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A Study of Climate Variability in Papua New Guinea

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DOI: 10.4236/gep.2019.75005    35 Downloads   70 Views  

ABSTRACT

This Papua New Guinea is nearly tropical and we get rain in almost all seasons. But over the past few decades, it was observed that climate is changing considerably. Changes in solar influx, frequent volcanic eruptions and greenhouse gas emissions aggravate this effect. In this scenario, climate variability in Papua New Guinea has been studied using atmospheric parameters like atmospheric temperature and rainfall published by Bureau of Meteorology, Australia for the period 1996-2018. In order to improve the forecast of climate variability, the data has been analyzed using wavelet methods. An increasing trend of atmospheric temperature and rainfall are observed with a yearly periodicity except 2007-2009. The night-time atmospheric temperature showed quasi-periodic variations of two-to-four years. These variations will be discussed in terms of the SOI variations, volcanic eruptions and increase in greenhouse gas emissions.

1. Introduction

This climate of Papua New Guinea is equatorial climate, but along the south coast the climate is tropical. The climate is influenced by the north-west monsoon from December to April and south-east monsoon from May to October. Papua New Guinea is affected by tropical cyclones which occur from November to March and the part of the country that is affected is south central. For the past few decades, climate was changing drastically, the atmospheric temperature is observed to be increasing and the rise in temperature will cause frequent heat waves and frequent cyclones.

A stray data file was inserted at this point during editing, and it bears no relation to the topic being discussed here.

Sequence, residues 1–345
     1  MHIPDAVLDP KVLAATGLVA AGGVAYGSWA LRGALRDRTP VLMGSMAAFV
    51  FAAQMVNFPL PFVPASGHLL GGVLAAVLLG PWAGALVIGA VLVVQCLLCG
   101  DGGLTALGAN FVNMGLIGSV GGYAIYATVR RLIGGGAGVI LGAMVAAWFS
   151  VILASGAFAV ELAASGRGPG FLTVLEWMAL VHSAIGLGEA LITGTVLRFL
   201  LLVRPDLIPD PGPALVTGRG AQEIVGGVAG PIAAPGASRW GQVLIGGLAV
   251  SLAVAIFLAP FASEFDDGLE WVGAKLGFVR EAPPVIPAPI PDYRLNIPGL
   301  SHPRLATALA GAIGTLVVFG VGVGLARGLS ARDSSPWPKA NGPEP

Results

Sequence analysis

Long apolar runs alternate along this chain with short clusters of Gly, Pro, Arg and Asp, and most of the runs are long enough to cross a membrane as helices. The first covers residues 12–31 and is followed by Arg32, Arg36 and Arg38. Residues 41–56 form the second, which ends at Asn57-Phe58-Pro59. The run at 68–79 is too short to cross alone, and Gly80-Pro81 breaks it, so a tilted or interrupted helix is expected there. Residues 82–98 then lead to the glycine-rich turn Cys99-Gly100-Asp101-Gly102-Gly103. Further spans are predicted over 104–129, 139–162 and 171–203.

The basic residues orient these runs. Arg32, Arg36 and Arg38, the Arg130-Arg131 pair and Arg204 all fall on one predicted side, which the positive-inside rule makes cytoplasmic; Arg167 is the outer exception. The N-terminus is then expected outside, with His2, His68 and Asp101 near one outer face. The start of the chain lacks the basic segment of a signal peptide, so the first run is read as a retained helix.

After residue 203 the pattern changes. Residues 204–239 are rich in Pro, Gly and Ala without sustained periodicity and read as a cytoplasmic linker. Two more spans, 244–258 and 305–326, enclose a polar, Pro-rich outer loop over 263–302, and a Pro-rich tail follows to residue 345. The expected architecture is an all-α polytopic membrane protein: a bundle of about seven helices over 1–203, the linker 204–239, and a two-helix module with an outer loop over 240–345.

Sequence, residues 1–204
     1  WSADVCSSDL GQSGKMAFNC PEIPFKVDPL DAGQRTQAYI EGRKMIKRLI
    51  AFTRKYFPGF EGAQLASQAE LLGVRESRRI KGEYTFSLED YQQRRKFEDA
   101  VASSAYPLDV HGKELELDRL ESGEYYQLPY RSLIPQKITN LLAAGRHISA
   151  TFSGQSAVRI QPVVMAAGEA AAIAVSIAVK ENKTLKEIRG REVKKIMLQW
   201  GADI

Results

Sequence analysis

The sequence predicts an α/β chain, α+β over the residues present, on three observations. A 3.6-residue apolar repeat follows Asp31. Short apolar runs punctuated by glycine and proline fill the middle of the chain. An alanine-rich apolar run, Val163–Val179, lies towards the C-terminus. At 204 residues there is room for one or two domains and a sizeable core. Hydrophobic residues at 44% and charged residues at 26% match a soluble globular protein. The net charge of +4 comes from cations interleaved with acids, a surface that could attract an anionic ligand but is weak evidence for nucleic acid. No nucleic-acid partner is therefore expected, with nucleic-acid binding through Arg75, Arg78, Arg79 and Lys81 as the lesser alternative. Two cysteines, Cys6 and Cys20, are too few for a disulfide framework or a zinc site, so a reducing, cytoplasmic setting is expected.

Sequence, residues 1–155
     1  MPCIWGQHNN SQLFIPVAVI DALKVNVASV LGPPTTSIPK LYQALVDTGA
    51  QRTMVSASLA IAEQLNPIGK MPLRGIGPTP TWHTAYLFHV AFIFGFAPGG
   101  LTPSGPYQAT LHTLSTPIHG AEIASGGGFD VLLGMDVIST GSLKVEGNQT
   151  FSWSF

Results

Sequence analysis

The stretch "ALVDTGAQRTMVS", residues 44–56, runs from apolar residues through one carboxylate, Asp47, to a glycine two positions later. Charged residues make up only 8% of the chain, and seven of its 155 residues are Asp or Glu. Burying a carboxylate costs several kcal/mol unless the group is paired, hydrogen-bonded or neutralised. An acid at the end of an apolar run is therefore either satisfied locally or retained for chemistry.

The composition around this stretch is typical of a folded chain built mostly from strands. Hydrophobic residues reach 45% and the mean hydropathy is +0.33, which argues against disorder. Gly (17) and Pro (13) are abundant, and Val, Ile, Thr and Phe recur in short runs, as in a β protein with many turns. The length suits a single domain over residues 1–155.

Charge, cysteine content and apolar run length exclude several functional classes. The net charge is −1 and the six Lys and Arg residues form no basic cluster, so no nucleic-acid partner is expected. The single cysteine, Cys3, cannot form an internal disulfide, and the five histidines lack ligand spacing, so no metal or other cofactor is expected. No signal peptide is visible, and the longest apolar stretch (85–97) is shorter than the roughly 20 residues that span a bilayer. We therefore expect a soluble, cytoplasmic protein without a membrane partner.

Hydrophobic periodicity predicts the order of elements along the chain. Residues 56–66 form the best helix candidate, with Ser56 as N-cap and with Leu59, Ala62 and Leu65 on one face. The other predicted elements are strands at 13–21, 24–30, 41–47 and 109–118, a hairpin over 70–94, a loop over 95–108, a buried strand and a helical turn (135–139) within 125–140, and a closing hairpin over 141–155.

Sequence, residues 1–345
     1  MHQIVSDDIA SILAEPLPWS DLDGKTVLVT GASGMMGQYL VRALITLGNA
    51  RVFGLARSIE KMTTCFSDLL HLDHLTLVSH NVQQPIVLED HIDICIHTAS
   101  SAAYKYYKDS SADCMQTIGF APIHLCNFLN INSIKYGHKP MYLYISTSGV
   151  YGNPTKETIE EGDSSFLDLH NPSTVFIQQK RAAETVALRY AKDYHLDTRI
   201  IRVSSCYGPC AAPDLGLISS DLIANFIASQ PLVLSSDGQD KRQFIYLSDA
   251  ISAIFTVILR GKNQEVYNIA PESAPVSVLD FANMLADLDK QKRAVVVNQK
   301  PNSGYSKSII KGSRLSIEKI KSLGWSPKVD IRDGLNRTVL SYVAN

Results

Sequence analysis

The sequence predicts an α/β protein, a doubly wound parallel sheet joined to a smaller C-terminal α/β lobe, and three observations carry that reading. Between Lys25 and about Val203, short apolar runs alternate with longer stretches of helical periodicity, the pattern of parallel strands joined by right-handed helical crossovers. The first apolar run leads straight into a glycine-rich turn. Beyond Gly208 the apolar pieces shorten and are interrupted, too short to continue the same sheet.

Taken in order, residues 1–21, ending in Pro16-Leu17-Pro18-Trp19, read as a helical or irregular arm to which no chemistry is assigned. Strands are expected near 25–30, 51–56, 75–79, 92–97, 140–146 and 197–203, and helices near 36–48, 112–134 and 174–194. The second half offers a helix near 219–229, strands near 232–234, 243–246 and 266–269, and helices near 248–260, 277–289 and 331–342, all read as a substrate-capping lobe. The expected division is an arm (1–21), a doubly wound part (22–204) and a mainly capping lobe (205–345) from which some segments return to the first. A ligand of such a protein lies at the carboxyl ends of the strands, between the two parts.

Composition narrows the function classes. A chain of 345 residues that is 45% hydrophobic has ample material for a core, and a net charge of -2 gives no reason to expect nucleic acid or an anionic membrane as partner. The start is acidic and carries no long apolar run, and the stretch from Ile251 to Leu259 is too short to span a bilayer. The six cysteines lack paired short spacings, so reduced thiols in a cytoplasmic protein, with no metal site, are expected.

The atmospheric temperature and pressure have cyclical variations in a year but in many years, change from normal variation from the normal due to events such as volcanic eruptions, atmospheric pollution and so on. El Nino Southern Oscillation (ENSO) variation is a climatic driver of long-term variation in atmospheric temperatures. There are studies that show that ENSO variations affect climatic conditions (Yang et al., 2018). Atmospheric temperature in the northern hemisphere is affected by ENSO variation. This reveals that there is a tropical forcing on variability of polar climate (Abdillah et al., 2018). During El Nino, rainy season is dryer and warmer than normal and monsoon arrives late whereas during La Nina, more rain in the rainy season. Strong El Nino events make atmospheric conditions hotter. After a strong El Nino warming, there is often a cooling of the atmosphere in the subsequent years (Patrik, 2018).

Southern Oscillation Index (SOI) is a measure of the fluctuations in air pressure occurring between western and eastern Pacific during El Nino and La Nina events. SOI varies with changes in ocean temperatures across the eastern tropical Pacific. Negative SOI values coincide with El Nino events and positive SOI values coincide with La Nina events. ENSO events are associated with higher temperatures than non-ENSO events, with a negative correlation in subsequent years which are therefore cooler (Harger, 1995). The relation between SOI variation and atmospheric temperature of Papua New Guinea has not been studied so far. In this paper, we studied separately the variation of day time and night time temperatures and SOI variations using wavelet methods. We also analyzed the effect of atmospheric pollution on atmospheric temperature and rainfall.